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New Lit on the Block :: The Dawn Review

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The Dawn Review online journal is precisely the kind of effort we need right now. “We are called The Dawn Review because we are committed to renewal, in every sense of the word,” says Founding Editor Ziyi Yan (闫梓祎). All literary writing is accepted: poetry, prose, hybrid forms, etc. Visual art and pieces that combine art with writing are also welcome, and the editors post interviews, articles, and book reviews on their blog, in addition to the publication’s three issues per year.

“Through our issues,” Yan explains, “we champion forward-looking pieces that fight against the restraints of language and form. Our issues are not separated by genre, and our editors read with an eye for inventiveness rather than conformity. We are also committed to renewal in our editorial process – in order to uplift developing voices, we read blindly and provide feedback on all submissions.”

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Magazine Stand :: The Dawn Review – Issue 3

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Issue 3 of The Dawn Review celebrates work that is surprising and otherworldly. In every piece, the self is intimately connected to its environment– as the world turns and folds inward, the self is reconstructed, and new usages of language are essential for capturing the transformations that occur in the crossroads. The works in Issue 3 refuse a concrete ending, just as life itself forces us to be constantly reborn. In “Sanctuary with the Burning Self,” Muhammed Olowonjoying renews language, writing, “I oasis of my existence. I camouflage / into fluorescence.” Meanwhile, LeAnn Perry wakes the dead in “Yes, No, Goodbye,” and Edward Gunawan allows personhood to bloom between the lines of his contrapuntal poem. Even as summer ends in Fiona Jin’s “Cassiopeia,” time is relentless, keeping the speaker “so here, so here, so here.” Issue 3 highlights the best work from the Dawn Review’s third reading period, as well as the winner and the finalists of the Dawn Prize for Poetry, judged by Sarah Ghazal Ali. Ultimately, the writers and artists in this third issue buckle against the restraints of language and form – in doing so, they unearth beauty and strangeness in how we build, rebuild, and destroy ourselves.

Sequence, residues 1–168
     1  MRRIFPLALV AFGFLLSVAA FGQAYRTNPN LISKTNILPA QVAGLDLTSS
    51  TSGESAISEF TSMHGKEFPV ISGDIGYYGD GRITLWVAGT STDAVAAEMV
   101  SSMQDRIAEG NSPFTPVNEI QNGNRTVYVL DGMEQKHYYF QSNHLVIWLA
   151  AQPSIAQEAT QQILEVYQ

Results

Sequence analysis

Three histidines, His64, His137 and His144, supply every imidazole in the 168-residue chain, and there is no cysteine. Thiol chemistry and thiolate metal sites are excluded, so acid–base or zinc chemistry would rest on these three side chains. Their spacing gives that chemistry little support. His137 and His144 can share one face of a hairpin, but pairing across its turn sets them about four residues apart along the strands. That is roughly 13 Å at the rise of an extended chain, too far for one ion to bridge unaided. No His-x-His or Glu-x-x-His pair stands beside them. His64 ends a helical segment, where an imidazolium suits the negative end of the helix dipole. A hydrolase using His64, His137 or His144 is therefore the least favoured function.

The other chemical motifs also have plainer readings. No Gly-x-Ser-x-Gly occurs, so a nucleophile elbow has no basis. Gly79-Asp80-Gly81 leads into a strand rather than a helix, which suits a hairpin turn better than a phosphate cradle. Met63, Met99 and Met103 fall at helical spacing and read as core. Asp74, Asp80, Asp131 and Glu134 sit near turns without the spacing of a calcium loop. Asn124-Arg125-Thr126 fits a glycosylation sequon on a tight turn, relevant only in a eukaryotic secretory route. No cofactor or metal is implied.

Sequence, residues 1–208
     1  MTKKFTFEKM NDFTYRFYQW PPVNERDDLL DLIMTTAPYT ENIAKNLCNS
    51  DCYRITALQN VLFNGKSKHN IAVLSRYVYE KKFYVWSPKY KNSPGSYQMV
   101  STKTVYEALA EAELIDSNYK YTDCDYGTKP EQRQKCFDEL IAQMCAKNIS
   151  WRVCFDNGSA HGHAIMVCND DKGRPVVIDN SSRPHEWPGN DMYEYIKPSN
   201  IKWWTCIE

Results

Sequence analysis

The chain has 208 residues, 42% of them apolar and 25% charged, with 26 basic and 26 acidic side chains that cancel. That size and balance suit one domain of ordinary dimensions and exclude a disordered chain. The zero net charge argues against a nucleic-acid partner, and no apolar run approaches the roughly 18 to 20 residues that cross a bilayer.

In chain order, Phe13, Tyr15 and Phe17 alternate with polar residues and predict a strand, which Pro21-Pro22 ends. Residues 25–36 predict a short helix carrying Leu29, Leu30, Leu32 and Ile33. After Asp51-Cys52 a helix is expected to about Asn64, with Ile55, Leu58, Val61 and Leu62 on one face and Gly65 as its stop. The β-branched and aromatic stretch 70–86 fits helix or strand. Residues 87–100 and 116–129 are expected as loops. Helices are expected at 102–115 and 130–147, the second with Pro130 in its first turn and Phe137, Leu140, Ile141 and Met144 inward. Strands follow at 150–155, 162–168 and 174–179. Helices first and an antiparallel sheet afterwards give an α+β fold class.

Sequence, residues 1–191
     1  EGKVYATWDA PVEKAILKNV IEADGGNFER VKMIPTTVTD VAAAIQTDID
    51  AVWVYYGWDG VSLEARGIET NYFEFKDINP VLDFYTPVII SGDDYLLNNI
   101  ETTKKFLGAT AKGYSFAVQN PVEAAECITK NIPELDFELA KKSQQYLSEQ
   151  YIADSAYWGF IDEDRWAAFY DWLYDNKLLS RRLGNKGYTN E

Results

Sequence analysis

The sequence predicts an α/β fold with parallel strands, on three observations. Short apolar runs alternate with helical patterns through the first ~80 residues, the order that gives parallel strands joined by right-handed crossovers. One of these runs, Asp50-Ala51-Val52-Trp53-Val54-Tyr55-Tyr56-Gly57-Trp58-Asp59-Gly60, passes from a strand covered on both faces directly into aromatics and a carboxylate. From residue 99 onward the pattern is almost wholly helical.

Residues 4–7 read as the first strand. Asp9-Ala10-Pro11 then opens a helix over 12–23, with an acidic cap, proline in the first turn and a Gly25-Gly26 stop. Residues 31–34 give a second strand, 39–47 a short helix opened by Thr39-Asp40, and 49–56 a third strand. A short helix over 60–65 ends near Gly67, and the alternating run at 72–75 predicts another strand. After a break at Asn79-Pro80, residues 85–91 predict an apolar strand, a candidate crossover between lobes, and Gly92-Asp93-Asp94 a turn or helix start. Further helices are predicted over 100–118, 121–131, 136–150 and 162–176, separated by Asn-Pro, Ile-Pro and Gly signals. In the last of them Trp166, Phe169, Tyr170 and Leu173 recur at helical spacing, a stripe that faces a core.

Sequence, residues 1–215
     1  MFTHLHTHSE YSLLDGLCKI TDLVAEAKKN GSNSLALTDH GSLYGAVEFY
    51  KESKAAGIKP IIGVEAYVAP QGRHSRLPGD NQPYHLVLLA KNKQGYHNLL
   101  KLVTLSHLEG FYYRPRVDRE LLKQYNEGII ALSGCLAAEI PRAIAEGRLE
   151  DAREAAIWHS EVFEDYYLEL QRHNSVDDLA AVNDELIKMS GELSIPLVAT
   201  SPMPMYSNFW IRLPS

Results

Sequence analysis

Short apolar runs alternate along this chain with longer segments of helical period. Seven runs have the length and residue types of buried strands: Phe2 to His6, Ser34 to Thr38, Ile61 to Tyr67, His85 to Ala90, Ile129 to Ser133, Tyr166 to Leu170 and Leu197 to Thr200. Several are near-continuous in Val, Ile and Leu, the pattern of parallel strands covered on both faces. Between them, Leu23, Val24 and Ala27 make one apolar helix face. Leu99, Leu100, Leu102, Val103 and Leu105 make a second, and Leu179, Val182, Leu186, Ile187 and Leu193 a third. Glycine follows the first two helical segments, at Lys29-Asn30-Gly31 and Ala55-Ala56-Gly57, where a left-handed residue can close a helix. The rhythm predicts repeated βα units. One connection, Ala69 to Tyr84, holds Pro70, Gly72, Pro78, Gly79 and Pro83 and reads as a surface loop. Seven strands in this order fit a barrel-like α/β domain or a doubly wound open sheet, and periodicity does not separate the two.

To find more great reading, visit the NewPages Guide to Literary Magazines, the NewPages Big List of Literary Magazines, the NewPages Big List of Alternative Magazines, and the NewPages Guide to Publications for Young Writers. Subscribe to our weekly newsletter to stay up to date!